So, create ocean parks. They’re called typically marine-protected areas. If you want to sound really smart, you will call them by their acronym, MPAs, but it will be better to call them marine parks and everybody would understand what we’re talking about.

Denver: Good idea.

Andy: And there has been some real big progress on that in the last, again, 15 or so years. People will celebrate that President Bush and then President Obama together created the largest fully-protected ocean area in the world, second only really to the Ross Sea, which is an international zone that was created down in the South… but just recently.

But at worst case, the second; in some cases, I think it’s the first because it’s all in American water…so it will really be protected. The Ross Sea is international, so it was going to be subject to some of those difficulties you talked about. The largest, fully-protected area……President Bush started it, President Obama expanded it using his authority under national monuments. It’s around the Northwest Hawaiian Islands, and these are uninhabited, remote islands.  It’s going to be a spectacular place, and it’s going to show a lot of good stuff, and it’s going to create a lot of fish that will swim out, and people can catch and eat.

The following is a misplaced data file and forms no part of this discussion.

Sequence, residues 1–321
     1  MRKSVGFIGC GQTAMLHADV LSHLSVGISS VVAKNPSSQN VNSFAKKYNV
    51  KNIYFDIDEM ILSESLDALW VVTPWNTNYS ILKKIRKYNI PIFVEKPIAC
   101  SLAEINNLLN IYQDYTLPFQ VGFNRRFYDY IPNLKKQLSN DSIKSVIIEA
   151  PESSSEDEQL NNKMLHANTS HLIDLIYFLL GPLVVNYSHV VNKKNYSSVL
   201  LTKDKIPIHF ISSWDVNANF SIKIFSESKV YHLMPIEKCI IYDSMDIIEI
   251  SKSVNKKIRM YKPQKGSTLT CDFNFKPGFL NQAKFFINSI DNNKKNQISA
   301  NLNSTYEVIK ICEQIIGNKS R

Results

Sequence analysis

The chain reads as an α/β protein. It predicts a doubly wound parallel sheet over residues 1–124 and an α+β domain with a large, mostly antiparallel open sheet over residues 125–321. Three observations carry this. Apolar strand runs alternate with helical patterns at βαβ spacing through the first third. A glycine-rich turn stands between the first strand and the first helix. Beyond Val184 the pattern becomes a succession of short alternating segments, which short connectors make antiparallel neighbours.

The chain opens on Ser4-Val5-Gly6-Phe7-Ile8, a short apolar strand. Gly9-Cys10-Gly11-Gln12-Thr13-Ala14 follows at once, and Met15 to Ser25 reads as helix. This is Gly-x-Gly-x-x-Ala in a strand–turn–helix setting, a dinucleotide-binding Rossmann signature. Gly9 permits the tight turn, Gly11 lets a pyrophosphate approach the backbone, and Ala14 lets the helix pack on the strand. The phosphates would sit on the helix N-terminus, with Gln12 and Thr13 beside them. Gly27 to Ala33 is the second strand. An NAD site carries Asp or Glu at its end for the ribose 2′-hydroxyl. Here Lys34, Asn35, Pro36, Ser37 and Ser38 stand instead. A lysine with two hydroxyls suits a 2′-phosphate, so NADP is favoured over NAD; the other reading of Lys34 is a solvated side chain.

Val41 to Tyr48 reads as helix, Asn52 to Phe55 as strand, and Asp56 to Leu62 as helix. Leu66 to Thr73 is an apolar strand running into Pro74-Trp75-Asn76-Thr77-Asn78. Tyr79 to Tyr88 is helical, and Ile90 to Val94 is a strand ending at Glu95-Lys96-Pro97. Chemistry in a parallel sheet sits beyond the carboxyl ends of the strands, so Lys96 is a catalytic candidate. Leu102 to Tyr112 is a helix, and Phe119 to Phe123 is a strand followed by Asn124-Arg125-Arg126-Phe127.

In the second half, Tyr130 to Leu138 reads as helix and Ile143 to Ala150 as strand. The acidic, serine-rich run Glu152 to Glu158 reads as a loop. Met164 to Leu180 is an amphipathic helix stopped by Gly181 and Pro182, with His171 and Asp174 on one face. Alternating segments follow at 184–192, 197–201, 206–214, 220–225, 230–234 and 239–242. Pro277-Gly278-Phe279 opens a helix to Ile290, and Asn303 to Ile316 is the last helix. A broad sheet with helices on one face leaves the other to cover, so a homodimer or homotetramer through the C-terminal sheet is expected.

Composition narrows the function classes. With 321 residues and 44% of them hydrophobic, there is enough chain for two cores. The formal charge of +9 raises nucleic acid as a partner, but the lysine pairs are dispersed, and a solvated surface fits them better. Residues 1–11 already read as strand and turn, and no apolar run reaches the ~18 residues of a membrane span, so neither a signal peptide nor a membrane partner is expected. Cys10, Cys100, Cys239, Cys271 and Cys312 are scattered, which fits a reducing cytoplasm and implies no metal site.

By the way, it is one of the decisions that President Obama made that President Trump has announced he will review. And so we are worried that President Trump will revoke that decision. And then there’s a similar but much smaller protected area off the coast of New England. It’s a canyon off the coast of New England. And because it’s a canyon, it has lots of nooks and crannies where baby fish grow up and becomes a real fish bank to feed ocean abundance elsewhere. That was also protected by Obama, and that is also being reviewed by the Trump administration.  And we are very worried that they will take that protection back.